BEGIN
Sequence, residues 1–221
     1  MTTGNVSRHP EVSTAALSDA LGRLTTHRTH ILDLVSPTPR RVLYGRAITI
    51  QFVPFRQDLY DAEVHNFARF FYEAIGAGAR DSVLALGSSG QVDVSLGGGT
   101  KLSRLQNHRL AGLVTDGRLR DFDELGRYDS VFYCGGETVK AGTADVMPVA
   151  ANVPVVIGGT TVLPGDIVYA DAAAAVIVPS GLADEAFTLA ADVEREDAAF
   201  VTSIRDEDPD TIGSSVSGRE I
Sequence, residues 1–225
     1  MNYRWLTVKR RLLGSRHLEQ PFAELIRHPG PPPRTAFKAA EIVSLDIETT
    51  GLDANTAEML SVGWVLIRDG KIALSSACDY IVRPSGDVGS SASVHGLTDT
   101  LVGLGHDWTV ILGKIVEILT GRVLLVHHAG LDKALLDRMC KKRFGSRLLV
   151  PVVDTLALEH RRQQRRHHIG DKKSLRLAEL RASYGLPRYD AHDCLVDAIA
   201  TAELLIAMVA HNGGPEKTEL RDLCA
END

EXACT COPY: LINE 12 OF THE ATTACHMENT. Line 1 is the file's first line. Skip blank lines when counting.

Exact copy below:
   201  TAELLIAMVA HNGGPEKTEL RDLCA